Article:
The Peoples of Middle-earth

The Peoples of Middle-earth

By: J. R. R. Tolkien
Edited by: Christopher Tolkien
Foreword by: Christopher Tolkien
Published by: HarperCollins Publishers
Simultaneously published by: Houghton Mifflin Company
Publication Date: 1996
Series: The History of Middle-earth
Series Number: 12

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When in 1937 J. R. R.Tolkien laid aside The Silmarillion, the extension of his original mythology into later Ages of the world had scarcely emerged. Tolkien himself noted that he knew nothing of the peoples and history of these Ages until he "met them on the way" "The Mines of Moria" had been a mere name; and of Lothlórien no word had reached my mortal ears until I came there, Fangorn Forest was an unforeseen adventure. I had never heard of the House of Eorl nor of the Stewards of Gondor. Saruman had never been revealed to me."

It was in the appendices to The Lord of the Rings that there emerged a comprehensive historical structure and chronology of the Second and Third Ages, embracing all the diverse strands that came together in The War of the Ring. Tolkien's difficulty—bordering on despair—in providing these appendices, leading to delay in the publication of The Return of the King is well known. In The Peoples of Middle-earth, however, Christopher Tolkien shows that the work had in fact been achieved years before, in essays and records differing greatly from the published forms. In these early texts is seen the evolution of the chronology of the later Ages: the Calendars, the Hobbit genealogies (with those of families that were printed but not published), and the Westron language, or Common Speech, from which many words and names are recorded that were afterwards lost.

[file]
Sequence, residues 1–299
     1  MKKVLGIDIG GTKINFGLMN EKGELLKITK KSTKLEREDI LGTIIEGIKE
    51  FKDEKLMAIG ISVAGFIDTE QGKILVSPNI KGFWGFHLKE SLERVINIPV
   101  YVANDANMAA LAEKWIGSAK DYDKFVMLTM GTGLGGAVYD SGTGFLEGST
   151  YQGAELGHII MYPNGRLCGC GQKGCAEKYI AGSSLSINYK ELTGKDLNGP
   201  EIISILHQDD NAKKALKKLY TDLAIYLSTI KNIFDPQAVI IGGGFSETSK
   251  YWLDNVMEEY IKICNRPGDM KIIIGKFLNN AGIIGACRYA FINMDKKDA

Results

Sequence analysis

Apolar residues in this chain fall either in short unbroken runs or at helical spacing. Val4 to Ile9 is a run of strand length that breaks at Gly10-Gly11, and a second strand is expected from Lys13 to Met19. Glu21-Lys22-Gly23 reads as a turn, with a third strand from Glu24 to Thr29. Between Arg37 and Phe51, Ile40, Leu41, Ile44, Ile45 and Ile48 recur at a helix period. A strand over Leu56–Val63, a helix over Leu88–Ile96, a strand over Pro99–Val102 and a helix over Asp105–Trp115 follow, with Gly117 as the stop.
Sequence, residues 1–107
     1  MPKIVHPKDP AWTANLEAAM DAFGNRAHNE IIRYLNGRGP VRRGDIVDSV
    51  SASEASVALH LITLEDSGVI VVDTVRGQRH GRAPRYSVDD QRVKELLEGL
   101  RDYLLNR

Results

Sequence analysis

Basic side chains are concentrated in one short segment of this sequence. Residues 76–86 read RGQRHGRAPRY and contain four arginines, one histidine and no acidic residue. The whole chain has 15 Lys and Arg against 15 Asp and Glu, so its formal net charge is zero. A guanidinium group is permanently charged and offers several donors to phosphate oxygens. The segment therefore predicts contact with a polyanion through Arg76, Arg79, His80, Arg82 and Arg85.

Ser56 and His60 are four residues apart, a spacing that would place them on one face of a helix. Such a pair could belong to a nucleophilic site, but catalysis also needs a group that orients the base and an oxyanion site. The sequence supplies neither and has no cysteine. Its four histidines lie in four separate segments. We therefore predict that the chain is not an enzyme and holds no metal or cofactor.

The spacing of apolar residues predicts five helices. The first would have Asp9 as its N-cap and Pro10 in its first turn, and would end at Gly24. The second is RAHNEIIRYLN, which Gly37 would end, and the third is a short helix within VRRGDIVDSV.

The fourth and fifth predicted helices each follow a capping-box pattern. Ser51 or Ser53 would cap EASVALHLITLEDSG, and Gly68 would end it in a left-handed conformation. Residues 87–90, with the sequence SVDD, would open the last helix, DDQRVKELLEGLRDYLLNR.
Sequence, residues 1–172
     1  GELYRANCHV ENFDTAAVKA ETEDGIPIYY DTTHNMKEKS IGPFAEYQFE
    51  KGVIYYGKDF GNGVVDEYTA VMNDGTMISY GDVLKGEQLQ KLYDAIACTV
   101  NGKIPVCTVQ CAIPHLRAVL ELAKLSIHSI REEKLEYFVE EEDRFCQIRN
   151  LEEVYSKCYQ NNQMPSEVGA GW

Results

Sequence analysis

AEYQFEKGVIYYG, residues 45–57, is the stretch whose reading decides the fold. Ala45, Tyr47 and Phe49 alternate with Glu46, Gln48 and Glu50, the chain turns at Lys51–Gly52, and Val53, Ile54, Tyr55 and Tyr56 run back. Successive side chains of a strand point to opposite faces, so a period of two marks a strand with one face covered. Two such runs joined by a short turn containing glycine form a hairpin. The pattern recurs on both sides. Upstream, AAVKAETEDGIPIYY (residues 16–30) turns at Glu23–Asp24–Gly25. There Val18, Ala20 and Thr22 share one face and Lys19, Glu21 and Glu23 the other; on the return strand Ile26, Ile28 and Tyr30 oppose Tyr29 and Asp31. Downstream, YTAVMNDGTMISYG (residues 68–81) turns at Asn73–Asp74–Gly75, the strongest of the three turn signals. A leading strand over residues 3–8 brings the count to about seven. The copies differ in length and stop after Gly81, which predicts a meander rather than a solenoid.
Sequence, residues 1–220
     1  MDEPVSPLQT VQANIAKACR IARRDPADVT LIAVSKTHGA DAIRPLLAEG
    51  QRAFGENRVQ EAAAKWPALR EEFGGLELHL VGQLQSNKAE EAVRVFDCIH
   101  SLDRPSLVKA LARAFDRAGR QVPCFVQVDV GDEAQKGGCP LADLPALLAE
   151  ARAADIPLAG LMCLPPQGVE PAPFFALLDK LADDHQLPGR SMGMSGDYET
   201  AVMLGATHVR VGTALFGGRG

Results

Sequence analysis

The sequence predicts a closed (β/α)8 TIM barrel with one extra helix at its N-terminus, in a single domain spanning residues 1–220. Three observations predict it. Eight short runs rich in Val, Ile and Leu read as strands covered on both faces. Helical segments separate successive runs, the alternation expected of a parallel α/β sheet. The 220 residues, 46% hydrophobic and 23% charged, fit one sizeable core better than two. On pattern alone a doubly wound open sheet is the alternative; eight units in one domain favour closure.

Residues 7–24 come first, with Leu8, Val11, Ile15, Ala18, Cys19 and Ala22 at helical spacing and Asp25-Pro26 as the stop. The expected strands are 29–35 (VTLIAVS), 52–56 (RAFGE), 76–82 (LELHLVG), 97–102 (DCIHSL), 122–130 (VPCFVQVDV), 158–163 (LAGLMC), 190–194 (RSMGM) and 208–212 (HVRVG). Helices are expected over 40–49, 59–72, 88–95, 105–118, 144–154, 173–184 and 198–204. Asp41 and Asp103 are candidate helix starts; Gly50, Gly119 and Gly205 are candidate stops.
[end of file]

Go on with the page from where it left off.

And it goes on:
A number of other writings by J. R. R. Tolkien are also included in this book; they derive chiefly from his last years, when new insights and constructions freely arose as he pondered the history that he had created.

This final volume of The History of Middle-earth concludes with two soon-abandoned stories, both unique in the setting of time and place: "The New Shadow" in Gondor of the Fourth Age, and the tale of "Tal-elmar," in which the coming of the dreaded Númenorean ships is seen through the eyes of men of Middle-earth in the Dark Years.

From the dust jacket of the 1st American Edition
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